The Gardeners' Chronicle and Agricultural Gazette, 17: 100-101 (Feb 14, 1857)


In this my second article I will briefly consider the question of large and small collections of vegetables, fruits, and flowers, but more especially of Roses. I agree with Mr. Rivers that it is desirable to cut down the varieties of vegetables, fruit trees, and flowers to a “sensible standard,” and this would tend as much or more to the advantage of the grower than to that of the purchaser. But I apprehend this theory may be pushed too far and is easier to accomplish with vegetables and fruits than with trees and flowers, because the palate is less variable than the eye of taste. I would say to all who have not already done so, cut down your lists so far as to render it impossible for a purchaser to select anything bad or indifferent, but beyond this, as a large grower, I am not prepared to go. To confine my remarks to Roses, Mr. Rivers must from long experience be well aware that persons possessed of an equally correct taste will not always select the same varieties of flowers. What one will reject another will highly approve, and in this dilemma who is to fix the standard? Does he think the amateur will waive his claim to select such varieties as may please his own taste in favour of any grower's standard, however “sensible!” I opine not; and in support of this opinion I make the following extract from the January number of the Scottish Gardener, where the Rose question is cleverly reviewed by a writer apparently seeking truth without prejudice.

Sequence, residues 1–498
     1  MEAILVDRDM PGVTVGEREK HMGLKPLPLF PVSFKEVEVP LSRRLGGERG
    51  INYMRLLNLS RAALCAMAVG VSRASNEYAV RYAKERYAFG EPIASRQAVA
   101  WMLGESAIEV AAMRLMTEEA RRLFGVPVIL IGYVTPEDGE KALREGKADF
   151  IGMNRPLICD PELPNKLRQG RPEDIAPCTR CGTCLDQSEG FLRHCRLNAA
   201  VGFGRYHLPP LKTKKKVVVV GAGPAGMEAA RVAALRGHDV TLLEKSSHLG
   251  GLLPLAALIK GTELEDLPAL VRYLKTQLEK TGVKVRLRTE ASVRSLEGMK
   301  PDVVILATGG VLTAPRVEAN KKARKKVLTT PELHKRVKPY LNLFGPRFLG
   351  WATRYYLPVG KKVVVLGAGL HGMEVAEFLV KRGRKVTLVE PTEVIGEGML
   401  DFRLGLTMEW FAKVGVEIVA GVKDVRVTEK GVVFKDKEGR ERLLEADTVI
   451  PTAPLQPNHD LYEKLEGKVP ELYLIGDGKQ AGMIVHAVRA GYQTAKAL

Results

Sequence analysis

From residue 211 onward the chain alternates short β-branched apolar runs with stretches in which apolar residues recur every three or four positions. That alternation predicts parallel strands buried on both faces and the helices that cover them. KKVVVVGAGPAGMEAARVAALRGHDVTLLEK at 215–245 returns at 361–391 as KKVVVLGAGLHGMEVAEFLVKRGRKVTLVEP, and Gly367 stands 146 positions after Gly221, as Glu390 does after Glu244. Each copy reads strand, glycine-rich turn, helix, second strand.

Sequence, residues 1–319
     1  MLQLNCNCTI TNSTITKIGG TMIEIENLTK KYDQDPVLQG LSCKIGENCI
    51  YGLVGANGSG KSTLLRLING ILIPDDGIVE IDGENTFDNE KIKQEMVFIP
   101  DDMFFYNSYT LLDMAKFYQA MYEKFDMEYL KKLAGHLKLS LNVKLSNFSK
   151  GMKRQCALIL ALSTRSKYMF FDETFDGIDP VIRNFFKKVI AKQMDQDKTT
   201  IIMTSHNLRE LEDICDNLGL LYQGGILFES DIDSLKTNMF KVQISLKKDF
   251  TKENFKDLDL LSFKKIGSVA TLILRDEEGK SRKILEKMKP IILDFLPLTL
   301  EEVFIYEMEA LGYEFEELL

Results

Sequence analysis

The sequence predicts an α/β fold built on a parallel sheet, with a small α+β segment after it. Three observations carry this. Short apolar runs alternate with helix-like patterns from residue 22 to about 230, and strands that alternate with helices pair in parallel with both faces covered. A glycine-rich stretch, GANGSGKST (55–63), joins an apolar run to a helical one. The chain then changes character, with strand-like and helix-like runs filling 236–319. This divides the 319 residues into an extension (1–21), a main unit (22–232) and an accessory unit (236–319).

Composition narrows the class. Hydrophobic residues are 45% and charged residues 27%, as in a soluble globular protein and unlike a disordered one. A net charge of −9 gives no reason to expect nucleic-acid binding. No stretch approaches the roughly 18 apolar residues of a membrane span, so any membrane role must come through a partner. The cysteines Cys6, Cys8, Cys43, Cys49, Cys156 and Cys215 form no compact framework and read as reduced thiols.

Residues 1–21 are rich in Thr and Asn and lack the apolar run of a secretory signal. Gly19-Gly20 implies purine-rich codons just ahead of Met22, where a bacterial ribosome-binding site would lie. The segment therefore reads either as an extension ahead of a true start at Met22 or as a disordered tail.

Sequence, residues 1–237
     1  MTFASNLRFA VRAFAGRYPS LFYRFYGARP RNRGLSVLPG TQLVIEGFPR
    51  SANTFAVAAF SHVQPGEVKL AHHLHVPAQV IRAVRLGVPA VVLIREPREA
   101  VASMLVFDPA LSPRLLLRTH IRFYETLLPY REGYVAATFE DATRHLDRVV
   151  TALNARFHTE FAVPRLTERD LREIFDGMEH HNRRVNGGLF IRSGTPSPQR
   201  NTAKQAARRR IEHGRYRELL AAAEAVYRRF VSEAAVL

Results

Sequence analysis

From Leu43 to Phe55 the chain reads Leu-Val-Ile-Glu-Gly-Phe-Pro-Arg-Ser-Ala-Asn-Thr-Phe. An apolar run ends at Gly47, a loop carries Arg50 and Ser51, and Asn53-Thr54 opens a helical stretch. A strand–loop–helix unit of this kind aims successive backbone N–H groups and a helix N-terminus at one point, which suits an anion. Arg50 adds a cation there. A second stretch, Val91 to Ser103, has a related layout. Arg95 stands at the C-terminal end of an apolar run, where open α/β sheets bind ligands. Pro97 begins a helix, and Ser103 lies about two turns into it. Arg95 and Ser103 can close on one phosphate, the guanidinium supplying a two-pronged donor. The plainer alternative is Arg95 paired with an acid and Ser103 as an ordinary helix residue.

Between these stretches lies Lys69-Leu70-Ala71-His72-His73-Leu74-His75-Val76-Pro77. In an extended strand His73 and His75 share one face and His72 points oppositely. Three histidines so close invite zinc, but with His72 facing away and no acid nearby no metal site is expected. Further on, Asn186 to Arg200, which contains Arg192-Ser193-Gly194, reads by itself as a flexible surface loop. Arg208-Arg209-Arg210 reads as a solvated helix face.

“Some nurserymen cultivate only the Roses which have a secondary period of flowering in autumn; and even Mr. Rivers is swaying towards that result. Prefixed to his catalogue of summer Roses he has the following paragraph:—‘The numerous varieties of this class, once nominally more than 2000, have now become of secondary interest, except for showing as single blooms for prizes, owing to the introduction of so many beautiful autumnal Roses, more particularly the varieties of Hybrid Perpetuals, which now comprise all that is most perfect and beautiful in form and colour. A summer Rose-tree, whether bush or standard, when its flowers have passed away is a most uninteresting object; in a few years, it is most probable that, with the exception of Moss Roses, summer Roses will be spoken of as things that were.’ With all deference to Mr. Rivers' acknowledged authority and taste, we must protest against this doctrine, in behalf of Scotland at least. We will not give up our summer Roses. They are on the whole hardier and better adapted for our climate than the Hybrid Perpetuals, many of them raised at Lyons or in some of the warmer districts of France, and with a large infusion of China blood in them. Many of the former, such as Coupe d'Hébé, Chenédolé, Kean, Madame Zoutman, and some hundred others in the same families, 'make glorious summer' in July, when our weather is at the finest; and at that season, so far as we have seen, they are as yet not quite equalled by the Hybrid Perpetuals. In Scotland, at least, the flowering of the latter in September and October—greatly to be prized in itself—is only a faint Indian summer compared with the full orbed glory of the former season.”